Should I Cash Out My Life Insurance?

Life insurance policies offer essential financial security to loved ones after you die, yet most payments made go towards fees and charges; only some end up in your cash value account which grows according to investment returns.

There are various strategies for accessing the cash value in your policy, each offering their own set of advantages and disadvantages. Before making a decision, carefully consider your beneficiaries’ needs as well as consult a financial professional for advice before settling on one option or the other.

Policy loans

Policy loans provide you with a means of borrowing against the cash value in your life insurance policy as collateral, without impacting your credit report and typically at rates that don’t exceed premium payments. Since policy loans come directly from life insurers instead of you personally, they do come with some risks; specifically if the loan amount plus accrued interest remains outstanding upon your death then that will come directly out of their death benefit and reduce what your beneficiaries receive as their inheritance.

An insurance loan is an effective solution if you find yourself facing an unexpected financial emergency and in need of fast cash. Unlike borrowing from banks or credit cards, no repayment schedule is mandated and cash is made immediately available for any use. Furthermore, the terms can often be customized; you could make one-time lump sum payments or monthly installments — or combine both options!

When taking out a policy loan, make sure your repayment schedule can accommodate. Avoid stopping payments entirely and keep up with interest charges; failing to do so could cause your policy to lapse and therefore reduce beneficiary payouts.

Access your policy’s current cash value by accessing its website or app, or speaking with an agent. When inquiring further, ask about specific loan terms from insurer, such as minimum cash values and loan amounts as well as repayment requirements.

An emergency fund is an effective way of dealing with unexpected expenses without incurring policy loans; by setting aside money in it now you’ll be ready when something arises that requires urgent attention. Aiming for three to six months’ living expenses should give enough emergency fund money for use when needed.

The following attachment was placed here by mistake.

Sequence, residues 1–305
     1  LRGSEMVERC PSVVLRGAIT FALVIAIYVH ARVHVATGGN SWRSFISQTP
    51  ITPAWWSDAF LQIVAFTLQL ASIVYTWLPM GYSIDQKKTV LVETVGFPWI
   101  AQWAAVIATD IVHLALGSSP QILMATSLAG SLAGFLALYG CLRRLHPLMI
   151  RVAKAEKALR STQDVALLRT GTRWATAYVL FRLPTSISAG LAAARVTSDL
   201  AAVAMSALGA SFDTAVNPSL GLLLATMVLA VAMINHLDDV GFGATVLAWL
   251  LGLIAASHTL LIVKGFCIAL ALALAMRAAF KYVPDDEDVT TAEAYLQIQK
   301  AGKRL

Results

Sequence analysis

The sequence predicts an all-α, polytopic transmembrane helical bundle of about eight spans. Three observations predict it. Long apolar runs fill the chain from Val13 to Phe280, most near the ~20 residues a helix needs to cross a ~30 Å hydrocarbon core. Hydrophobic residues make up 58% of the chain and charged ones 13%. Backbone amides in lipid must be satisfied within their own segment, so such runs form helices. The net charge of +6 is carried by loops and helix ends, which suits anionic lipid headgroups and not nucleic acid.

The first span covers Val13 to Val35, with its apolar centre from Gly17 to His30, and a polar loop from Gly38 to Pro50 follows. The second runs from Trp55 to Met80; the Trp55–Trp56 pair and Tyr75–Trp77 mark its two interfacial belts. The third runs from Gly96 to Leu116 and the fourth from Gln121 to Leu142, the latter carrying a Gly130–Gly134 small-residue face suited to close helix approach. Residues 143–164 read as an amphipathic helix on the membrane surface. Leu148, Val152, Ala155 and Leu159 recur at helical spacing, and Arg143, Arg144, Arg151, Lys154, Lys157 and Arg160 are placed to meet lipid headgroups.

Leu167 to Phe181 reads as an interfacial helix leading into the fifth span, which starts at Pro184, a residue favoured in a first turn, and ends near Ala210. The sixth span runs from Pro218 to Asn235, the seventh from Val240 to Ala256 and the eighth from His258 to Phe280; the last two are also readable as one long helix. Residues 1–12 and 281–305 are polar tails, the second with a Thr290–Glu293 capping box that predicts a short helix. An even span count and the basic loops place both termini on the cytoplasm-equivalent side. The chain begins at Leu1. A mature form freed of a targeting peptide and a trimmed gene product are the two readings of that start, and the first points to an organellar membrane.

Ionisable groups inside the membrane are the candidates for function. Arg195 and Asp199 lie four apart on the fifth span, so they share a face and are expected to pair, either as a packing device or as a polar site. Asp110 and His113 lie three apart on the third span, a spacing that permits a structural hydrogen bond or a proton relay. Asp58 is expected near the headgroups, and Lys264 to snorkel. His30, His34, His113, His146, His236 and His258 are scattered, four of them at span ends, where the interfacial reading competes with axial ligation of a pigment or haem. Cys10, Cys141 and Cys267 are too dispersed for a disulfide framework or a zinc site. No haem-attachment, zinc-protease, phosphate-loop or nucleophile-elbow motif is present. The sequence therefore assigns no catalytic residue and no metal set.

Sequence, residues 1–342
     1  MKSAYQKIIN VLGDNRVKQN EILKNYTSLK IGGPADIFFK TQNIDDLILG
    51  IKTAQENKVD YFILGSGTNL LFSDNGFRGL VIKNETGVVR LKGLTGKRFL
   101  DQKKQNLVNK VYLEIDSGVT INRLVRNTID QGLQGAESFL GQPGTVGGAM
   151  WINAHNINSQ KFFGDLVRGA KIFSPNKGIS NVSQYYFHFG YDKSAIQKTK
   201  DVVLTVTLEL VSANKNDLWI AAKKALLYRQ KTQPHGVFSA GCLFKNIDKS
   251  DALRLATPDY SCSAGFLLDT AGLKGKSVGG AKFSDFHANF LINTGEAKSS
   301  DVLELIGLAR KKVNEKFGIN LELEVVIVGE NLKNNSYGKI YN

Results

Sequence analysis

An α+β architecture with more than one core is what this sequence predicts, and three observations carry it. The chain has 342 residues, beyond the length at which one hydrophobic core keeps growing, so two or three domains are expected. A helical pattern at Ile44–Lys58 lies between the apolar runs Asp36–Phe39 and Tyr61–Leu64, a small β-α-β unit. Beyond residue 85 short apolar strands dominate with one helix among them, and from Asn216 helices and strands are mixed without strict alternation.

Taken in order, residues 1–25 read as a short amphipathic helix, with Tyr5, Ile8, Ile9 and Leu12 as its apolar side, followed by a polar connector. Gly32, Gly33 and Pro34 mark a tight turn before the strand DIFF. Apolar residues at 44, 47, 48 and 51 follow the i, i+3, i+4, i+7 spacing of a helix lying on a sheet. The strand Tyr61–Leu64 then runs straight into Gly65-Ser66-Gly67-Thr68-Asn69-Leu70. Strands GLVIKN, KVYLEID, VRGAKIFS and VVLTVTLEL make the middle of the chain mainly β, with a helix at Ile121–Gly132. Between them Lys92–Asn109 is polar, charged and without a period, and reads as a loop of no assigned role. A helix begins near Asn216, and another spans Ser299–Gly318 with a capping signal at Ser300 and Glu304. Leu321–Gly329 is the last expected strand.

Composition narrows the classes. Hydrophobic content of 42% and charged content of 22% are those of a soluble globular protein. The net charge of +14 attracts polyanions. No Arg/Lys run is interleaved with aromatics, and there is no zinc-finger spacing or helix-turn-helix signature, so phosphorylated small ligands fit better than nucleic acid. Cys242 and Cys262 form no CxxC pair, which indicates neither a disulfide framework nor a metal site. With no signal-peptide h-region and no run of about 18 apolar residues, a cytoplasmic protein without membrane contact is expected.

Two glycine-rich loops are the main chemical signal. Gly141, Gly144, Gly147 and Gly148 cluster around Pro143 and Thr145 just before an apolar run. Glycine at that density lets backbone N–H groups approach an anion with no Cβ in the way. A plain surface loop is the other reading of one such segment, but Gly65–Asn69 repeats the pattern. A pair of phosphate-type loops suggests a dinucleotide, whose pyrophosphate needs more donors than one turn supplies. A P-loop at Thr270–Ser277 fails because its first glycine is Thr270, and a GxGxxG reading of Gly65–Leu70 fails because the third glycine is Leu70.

Direct withdrawals

Many whole life policies allow their policy holders to access some of their cash value while alive, which may or may not be beneficial depending on your finances, length of policy ownership and implications for beneficiaries upon death. Carefully consider each factor when making this decision before considering other solutions as potential financial solutions.

Direct withdrawals can be used to cover various expenses. Unfortunately, however, they also come with some drawbacks: They reduce your death benefit and may be taxed. Furthermore, surrender charges could affect premium payments; furthermore a penalty might apply if taking them before age 59 1/2.

Another method is borrowing against your policy’s cash value, although this method may not be tax-free as a direct withdrawal is. Still, borrowing enough to cover premium payments could keep coverage intact and ensure timely access to funds without additional expenses or charges associated with direct withdrawal.

Use of your life insurance’s cash value can save you from incurring higher withdrawal costs, but borrowing large sums and accruing interest that exceeds your cash balance could leave you subject to a hefty tax bill at death or cancellation of the loan agreement.

Use your life insurance as collateral for a personal loan or line of credit; these options generally offer lower fees and interest rates than direct withdrawal. When considering all possible solutions to access a substantial sum of cash quickly, however, carefully weigh both options to make an informed decision.